Today was a "test" day in fourth grade--a test for me to see where my students are with fractions. I started by giving them an "entrance" slip that just asked them a few basics, and then asked them to respond to the following prompt in their math journals:
"Can a fraction ever have more than one name? Explain your thinking."
In my head, I needed the following activity to "take the temperature" of my class to see how they could apply some of the things we have explored--and to see what misconceptions have continued. I learned a lot about where to head next! Here's how Day 9 unfolded. . .
I divided the class into 3 groups (if I did it again, I would do 4 groups) and provided each group with a stack of fraction cards. I simply asked them to work with their team to put the fractions in order from largest to smallest. NO--we haven't worked on this yet. NO--we haven't worked with equivalent fractions yet (although many students have made some discoveries about both of these along the way).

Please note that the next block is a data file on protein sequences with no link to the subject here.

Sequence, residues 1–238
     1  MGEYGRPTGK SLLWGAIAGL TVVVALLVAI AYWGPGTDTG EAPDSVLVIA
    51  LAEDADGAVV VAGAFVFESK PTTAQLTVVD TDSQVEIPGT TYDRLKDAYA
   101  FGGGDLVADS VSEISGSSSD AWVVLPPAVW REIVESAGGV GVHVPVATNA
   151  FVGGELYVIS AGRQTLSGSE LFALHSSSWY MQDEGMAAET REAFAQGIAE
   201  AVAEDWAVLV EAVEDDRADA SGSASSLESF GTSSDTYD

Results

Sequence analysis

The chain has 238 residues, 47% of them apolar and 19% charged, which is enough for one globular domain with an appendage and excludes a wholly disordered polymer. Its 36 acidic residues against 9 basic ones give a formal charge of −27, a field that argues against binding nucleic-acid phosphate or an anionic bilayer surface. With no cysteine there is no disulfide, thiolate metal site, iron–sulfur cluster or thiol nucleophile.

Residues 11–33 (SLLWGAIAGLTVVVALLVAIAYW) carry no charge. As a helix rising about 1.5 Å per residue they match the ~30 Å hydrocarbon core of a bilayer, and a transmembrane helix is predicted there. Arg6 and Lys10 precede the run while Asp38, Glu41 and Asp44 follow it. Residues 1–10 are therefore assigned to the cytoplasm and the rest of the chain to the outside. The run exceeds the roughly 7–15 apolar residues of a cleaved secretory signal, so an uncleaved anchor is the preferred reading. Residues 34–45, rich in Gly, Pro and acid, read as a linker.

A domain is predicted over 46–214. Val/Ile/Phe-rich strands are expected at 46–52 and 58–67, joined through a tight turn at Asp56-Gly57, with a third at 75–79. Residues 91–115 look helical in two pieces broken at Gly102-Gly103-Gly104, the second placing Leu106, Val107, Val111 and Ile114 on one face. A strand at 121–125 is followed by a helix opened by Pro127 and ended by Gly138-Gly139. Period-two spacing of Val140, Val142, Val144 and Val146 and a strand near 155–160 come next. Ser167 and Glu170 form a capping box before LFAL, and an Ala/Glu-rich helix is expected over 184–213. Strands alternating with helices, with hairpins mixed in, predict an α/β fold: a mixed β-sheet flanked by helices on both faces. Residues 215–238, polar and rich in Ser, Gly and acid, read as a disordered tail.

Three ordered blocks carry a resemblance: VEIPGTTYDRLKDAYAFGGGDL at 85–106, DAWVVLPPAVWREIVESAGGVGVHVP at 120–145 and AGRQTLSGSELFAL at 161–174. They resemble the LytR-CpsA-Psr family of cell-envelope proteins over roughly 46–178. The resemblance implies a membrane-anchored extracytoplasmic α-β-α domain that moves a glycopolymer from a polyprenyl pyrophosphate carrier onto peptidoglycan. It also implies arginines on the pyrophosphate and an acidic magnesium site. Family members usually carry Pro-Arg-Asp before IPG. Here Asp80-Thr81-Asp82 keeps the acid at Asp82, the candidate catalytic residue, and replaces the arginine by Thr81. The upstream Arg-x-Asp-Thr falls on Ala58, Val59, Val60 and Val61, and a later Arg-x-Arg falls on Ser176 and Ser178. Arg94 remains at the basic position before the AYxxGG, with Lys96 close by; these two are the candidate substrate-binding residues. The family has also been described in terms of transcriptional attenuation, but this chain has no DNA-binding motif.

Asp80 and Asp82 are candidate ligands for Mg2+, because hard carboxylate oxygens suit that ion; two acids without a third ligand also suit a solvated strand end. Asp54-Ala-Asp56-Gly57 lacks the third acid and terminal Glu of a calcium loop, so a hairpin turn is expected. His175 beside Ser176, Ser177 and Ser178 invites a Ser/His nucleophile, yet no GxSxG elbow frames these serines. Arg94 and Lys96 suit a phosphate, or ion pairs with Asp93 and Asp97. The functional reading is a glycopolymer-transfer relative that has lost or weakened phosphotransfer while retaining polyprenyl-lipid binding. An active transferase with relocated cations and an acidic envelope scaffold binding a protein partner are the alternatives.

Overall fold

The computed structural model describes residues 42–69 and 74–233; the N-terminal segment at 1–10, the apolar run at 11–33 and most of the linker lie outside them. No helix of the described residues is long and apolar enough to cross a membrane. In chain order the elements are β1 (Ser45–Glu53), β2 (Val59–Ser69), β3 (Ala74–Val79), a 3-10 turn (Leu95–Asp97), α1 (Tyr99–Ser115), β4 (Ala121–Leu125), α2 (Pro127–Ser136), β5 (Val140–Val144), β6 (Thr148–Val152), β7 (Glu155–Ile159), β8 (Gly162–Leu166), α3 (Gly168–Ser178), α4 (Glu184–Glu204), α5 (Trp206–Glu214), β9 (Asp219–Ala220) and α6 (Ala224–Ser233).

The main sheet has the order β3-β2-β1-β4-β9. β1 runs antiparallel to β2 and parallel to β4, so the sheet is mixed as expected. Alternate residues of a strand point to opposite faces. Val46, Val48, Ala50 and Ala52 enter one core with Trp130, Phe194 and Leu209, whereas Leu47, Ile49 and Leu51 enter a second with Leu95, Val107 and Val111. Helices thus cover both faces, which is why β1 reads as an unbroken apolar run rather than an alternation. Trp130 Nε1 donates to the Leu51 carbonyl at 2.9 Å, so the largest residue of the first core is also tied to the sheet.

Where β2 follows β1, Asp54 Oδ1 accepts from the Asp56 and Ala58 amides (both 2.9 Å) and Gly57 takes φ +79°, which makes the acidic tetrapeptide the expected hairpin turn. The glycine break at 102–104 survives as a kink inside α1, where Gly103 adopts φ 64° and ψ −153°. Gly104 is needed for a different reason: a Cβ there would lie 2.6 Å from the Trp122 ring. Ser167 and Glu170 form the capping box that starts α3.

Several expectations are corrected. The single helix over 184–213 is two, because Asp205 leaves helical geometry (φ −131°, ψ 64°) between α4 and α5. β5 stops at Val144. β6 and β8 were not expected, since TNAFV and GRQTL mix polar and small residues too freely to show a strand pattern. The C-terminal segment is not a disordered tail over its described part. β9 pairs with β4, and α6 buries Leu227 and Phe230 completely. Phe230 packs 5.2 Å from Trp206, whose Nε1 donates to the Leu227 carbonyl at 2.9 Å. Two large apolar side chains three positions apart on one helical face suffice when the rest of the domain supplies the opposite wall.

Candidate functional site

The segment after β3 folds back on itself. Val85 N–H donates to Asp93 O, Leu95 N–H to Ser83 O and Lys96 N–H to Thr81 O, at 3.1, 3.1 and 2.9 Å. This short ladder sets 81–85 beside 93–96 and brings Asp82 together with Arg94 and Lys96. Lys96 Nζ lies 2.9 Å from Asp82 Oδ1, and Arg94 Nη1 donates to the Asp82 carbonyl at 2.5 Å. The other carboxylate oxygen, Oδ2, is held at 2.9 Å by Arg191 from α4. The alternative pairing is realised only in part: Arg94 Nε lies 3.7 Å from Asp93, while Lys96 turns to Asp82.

As the students worked, I walked around and recorded interesting things that students said. A few students came up to ask clarifying questions, and--as they are now used to--I simply shrugged and suggested they check with their team. The students worked for TWENTY MINUTES and I heard some of the most interesting logic (LACK of logic!) and great discussions. . . and even heard some great teamwork with compliments, suggestions, and "Oh--THAT makes sense"-type comments.
|Debating what a fraction with the same numerator and denominator means...|
|A student trying to "prove'" her idea with a picture -- but her group didn't listen!|
This blog post and sequencing activity is now a part of my comprehensive fraction unit available by clicking the image below. Hundreds of teachers have now used it to change the way they teach fractions!